Recent blog posts
Protecting and promoting free software often requires making your voice heard by those with the power to legislate freedom away. In 2015, the Free Software Foundation (FSF) organized with activists and organizations from around the world to petition governments on a wide variety of issues affecting computer users.
This is the latest installment of our Licensing and Compliance Lab's series on free software developers who choose GNU licenses for their works. In this edition, we conducted an email-based interview with Guillaume Roguez, the Project Director of Ring
The world of computer hardware products is in many respects a dark and dismal place when it comes to computer user freedom: graphics processors, network controllers, and even the low-level boot systems of most computers use proprietary software. However, we know that this situation is not due to a lack of demand from users for hardware that respects them. People want this, but in the absence of options, have just resigned themselves to accepting mistreatment.
In August of 2012, the Licensing & Compliance Lab kicked off a series of interviews with developers of free software. With 2015 in the rear-view mirror, we take a moment to look back on the series and highlight these great projects once again.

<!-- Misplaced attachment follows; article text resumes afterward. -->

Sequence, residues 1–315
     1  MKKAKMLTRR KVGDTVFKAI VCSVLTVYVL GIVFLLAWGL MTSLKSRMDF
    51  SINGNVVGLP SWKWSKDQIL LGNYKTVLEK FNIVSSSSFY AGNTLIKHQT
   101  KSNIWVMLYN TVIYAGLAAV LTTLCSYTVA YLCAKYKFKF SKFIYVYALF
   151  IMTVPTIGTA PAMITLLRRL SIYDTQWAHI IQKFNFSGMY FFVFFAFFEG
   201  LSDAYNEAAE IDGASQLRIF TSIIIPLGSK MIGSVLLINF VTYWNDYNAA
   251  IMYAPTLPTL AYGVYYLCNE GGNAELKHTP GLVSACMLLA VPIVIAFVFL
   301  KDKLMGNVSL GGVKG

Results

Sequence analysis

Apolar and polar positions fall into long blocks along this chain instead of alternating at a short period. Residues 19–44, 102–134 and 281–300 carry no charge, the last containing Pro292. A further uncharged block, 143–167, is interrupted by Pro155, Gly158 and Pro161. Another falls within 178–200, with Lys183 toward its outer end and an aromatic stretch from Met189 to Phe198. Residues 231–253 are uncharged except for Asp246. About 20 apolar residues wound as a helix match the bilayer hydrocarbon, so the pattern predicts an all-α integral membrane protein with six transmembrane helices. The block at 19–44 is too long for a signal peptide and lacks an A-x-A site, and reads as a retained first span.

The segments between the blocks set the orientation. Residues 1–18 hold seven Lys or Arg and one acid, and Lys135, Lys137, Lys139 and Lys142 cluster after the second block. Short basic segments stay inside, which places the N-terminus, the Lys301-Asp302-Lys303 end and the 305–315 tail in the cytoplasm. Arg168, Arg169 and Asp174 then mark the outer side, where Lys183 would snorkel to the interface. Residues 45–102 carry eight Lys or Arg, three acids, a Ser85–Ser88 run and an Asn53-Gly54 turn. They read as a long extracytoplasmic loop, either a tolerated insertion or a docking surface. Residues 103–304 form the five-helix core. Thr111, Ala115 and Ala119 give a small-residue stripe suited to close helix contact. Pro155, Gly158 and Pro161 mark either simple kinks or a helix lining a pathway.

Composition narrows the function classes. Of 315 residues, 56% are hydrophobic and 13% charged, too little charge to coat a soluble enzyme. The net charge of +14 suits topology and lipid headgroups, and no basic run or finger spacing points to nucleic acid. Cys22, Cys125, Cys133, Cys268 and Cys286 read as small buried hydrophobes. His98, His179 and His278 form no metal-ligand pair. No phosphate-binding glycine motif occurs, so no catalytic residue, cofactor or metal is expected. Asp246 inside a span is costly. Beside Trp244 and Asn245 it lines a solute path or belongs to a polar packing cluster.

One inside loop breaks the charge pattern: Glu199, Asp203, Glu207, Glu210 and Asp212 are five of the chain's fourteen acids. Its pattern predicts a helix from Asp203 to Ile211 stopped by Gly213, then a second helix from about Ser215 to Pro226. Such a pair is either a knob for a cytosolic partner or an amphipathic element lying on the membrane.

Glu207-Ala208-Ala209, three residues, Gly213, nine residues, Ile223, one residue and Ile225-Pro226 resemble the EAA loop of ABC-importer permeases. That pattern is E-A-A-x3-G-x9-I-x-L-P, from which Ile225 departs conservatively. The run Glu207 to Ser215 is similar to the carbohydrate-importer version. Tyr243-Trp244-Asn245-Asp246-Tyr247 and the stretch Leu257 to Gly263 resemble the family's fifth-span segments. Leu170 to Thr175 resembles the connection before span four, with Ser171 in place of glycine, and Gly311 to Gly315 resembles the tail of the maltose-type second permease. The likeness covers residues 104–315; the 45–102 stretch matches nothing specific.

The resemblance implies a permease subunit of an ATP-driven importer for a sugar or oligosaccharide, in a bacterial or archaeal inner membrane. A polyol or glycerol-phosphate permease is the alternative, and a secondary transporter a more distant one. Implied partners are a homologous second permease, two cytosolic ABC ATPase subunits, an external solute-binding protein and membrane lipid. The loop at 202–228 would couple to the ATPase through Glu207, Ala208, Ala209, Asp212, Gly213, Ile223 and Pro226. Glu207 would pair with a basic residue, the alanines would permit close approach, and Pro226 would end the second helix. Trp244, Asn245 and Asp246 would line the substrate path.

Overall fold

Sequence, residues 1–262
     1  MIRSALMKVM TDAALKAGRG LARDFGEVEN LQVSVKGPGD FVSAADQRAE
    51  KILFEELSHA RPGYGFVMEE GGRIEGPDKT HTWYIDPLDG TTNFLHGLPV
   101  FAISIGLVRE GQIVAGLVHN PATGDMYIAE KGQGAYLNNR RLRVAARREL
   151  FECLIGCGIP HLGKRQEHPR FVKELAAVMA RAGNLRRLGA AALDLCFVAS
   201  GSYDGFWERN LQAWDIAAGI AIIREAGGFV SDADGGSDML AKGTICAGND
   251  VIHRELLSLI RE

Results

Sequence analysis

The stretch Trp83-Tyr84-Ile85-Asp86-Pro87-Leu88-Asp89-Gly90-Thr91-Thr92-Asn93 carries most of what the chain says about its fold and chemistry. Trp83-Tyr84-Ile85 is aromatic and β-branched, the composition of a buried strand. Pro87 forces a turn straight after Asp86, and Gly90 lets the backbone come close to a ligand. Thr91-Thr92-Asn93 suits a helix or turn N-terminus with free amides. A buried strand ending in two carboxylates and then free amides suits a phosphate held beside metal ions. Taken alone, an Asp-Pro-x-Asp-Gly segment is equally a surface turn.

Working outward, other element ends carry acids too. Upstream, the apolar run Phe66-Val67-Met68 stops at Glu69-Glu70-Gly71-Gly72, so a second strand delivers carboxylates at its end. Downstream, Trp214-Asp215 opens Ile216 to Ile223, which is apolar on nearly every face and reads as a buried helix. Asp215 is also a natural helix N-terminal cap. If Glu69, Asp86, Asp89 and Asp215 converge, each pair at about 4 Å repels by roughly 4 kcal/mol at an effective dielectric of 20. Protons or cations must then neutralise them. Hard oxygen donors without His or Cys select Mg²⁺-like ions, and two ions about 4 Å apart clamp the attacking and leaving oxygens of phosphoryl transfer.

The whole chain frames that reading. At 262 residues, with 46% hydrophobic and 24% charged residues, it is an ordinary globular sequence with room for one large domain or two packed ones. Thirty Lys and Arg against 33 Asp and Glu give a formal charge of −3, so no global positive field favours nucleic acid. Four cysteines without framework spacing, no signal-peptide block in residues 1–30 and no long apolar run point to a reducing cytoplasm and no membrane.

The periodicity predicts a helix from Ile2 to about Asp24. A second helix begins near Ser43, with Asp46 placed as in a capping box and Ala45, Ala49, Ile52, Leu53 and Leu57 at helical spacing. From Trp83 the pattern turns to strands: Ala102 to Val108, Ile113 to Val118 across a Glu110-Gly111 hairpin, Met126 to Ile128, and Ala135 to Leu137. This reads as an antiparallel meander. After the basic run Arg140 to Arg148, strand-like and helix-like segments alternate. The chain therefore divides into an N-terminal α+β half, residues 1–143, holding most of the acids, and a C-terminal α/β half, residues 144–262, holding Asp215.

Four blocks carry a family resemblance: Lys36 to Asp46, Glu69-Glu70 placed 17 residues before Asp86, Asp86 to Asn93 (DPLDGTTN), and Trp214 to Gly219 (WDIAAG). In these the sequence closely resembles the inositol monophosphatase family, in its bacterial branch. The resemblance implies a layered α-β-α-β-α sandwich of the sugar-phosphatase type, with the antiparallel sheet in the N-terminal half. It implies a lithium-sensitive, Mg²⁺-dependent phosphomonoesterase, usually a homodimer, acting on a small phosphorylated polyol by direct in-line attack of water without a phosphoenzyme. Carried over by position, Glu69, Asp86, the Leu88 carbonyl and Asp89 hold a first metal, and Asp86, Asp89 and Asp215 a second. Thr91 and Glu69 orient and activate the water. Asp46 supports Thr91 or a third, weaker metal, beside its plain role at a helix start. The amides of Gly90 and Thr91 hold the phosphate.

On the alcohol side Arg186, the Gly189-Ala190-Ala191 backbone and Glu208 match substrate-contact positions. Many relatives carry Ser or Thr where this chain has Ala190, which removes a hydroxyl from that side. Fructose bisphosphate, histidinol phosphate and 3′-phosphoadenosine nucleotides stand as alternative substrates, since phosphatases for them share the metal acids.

The Free Software Foundation submitted comments from free software activists in response to the U.S. Department of Education's proposed new regulations on the licensing of grant-funded works.
The U.S. Department of Education has issued a notice of proposed rule making (NPRM) with a request for comments from the public regarding new regulations relating to the licensing of grant-funded works -- both software and courseware.
The FSF is pleased to announce that we can begin accepting GPG signatures for assignments from contributors residing in Italy.
With accord reached on TPP, there is only a limited window left to stop it.
This is the latest instalment of our Licensing and Compliance Lab's series on free software developers who choose GNU licenses for their works. In this edition, we conducted an email-based interview with Michael Lissner and Brian Carver of RECAP The Law.
Compatibility means that a person can now take a work they received under the terms of CC BY-SA 4.0 and then distribute adaptations of that work under the terms of GPLv3.